Saving as many lives as possible

A huge obstacle in forcing surrender was the “bushido” warrior code of “no surrender”.  Our Navy faced suicide bombers, more commonly called “Kamikaze”.  And on the land battles, the casualties were enormous, as soldiers and even civilians were prepared to die fighting.  For example, in taking the small island of Okinawa, there were over 50,000 Allied (mainly American) casualties, including 12,500 killed.  Japanese casualties were even worse: about 110,000 soldiers and about 160,000 civilians.

Understandably, taking the Japanese home islands would have been far more costly: the new President Truman was informed that it would cost about 1,202,005 US casualties, including 314,619 Americans killed, with many times more Japanese soldiers and civilians.  Added to these casualty figures, the Japanese War Ministry had ordered the execution of all 168,500 Allied POWs, including 15,000 Americans prisoners, if the homeland were invaded.

Japan was also suffering enormous casualties from conventional bombing.  The atomic bombs weren’t even the worst: that sad honor goes to the fire-bombing of Tokyo on the night of March 9–10, 1945, killing 83,793.

Not only would an invasion have been lost millions of lives, but given the brutality of the enemy, any prolonging of the war would have been extremely costly.  Every month would cost more lives than the atomic bombs took, as the historian Robert Newman, Professor Emeritus at the University of Pittsburgh, shows in his book Truman and the Hiroshima Cult (1995):

“the last months were in many ways the worst; starvation and disease aggravated the usual beatings, beheadings and battle deaths.  It is plausible to hold that upwards of 250,000 people, mostly Asian but some Westerners, would have died each month the Japanese Empire struggled in its death throes beyond July 1945.”

Bombing and its aftermath

On July 26, 1945, the Allies issued the Potsdam Declaration, warned Japan to surrender and disarm or face “prompt and utter destruction.”  Yet it also promised “strengthening of democratic tendencies among the Japanese people. Freedom of speech, of religion, and of thought, as well as respect for the fundamental human rights shall be established.”

Despite what Leftists and Paulites claim, Hiroshima was a legitimate military target.  It was HQ for the Fifth Division and the 2nd General Army, and a military communications center, and contained 40,000 troops and military factories and Marine Headquarters.  They also claim that the Japanese would have surrendered anyway, ignoring the huge casualties every week the war continued.  This is simply false, as historian Richard Frank wrote on the 50th anniversary of the bombings:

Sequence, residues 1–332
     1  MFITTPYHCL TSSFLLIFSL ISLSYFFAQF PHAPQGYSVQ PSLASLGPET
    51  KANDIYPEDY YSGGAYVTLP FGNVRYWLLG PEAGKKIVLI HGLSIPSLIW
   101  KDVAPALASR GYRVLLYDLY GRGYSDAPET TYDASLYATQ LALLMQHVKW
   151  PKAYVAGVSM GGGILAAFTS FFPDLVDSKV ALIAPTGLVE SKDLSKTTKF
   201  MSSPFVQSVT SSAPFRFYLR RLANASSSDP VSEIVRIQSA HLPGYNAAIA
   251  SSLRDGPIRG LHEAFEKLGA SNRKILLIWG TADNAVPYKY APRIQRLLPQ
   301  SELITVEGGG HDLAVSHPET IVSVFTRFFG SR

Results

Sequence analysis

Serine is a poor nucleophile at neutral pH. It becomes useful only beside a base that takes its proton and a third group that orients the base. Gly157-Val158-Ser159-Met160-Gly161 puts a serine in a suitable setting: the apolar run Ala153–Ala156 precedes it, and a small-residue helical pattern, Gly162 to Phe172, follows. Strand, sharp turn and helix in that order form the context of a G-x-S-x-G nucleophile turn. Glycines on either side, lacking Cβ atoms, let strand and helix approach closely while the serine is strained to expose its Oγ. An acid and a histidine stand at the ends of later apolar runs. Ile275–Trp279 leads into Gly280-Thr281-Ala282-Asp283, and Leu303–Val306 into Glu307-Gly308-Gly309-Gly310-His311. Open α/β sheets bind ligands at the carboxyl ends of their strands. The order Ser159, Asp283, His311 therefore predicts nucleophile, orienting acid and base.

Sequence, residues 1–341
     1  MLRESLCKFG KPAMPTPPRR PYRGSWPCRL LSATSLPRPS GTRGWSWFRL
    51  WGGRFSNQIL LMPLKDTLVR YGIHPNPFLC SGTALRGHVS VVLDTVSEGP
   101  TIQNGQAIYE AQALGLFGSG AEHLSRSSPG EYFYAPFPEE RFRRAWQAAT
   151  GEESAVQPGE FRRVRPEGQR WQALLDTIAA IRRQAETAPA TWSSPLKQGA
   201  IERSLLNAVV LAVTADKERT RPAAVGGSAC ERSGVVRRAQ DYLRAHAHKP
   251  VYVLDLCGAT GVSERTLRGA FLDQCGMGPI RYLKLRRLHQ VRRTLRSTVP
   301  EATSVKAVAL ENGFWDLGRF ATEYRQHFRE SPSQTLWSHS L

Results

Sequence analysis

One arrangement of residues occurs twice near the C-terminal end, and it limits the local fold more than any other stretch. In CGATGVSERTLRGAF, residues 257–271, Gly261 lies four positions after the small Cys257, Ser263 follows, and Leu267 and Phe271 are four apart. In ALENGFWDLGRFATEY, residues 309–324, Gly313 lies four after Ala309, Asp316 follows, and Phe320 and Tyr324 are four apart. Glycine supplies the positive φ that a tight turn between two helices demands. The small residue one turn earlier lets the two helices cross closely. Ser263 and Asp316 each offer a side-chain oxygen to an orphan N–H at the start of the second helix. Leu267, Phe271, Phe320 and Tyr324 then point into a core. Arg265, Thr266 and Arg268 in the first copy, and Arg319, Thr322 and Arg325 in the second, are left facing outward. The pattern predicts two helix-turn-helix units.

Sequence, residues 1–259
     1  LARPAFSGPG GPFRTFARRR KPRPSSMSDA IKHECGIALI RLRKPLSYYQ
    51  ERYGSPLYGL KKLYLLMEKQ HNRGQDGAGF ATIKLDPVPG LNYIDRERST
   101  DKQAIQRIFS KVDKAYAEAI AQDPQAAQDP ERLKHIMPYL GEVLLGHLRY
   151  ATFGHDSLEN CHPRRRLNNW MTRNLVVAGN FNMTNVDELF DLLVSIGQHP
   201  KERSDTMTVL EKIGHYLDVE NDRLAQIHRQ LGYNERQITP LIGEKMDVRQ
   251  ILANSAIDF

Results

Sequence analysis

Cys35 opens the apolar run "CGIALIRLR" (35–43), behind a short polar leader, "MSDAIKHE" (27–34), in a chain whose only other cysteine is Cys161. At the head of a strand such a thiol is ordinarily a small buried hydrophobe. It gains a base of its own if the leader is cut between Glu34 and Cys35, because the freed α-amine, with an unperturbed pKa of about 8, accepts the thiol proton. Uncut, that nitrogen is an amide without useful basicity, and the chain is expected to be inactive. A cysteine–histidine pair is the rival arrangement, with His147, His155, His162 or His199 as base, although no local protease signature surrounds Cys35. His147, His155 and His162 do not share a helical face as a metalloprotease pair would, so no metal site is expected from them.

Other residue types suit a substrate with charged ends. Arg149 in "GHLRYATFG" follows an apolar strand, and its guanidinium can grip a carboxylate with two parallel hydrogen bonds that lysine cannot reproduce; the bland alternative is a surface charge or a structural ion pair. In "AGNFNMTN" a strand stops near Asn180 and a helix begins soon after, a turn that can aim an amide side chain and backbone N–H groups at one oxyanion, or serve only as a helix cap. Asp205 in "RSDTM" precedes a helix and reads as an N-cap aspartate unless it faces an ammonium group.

“The Japanese did not see their situation as catastrophically hopeless. They were not seeking to surrender, but pursuing a negotiated end to the war that preserved the old order in Japan, not just a figurehead emperor. Finally, thanks to radio intelligence, American leaders, far from knowing that peace was at hand, understood—as one analytical piece in the ‘Magic’ Far East Summary stated in July 1945, after a review of both the military and diplomatic intercepts—that ‘until the Japanese leaders realize that an invasion can not be repelled, there is little likelihood that they will accept any peace terms satisfactory to the Allies.’”

Furthermore, we now know that the notorious WW2 Prime Minister Hideki Tojo, who was hanged as a war criminal in 1948, strongly opposed surrender even after the nukes.  From a 2008 report of the release of his diaries, Japan’s WWII PM wanted to keep fighting:

“ ‘Without fully employing its abilities even at the final moment, the imperial nation is surrendering before the enemies’ propaganda,’ Tojo wrote, as quoted by the newspaper. ‘I never imagined the torpor of the nation’s leaders and people,’ he wrote.

“Tojo said that Japan was surrendering because it was afraid of more atomic bombings and of the Soviet Union entering the Pacific front.

“But Tojo warned Japan ‘will come off as a complete loser by accepting unconditional surrender, even if it makes a few demands.’ ”

To show how crass the revisionists are, far from being ready to surrender, Japan didn’t capitulate until a week after Nagasaki, on August 15, 1945.

Conclusion

The atomic bombings were horrific, certainly, but it would have been even more horrific to allow the murderous warrior cult to continue, costing thousands of lives a day; or lose hundreds of thousands of American soldiers and POWs winning the war by “conventional” means.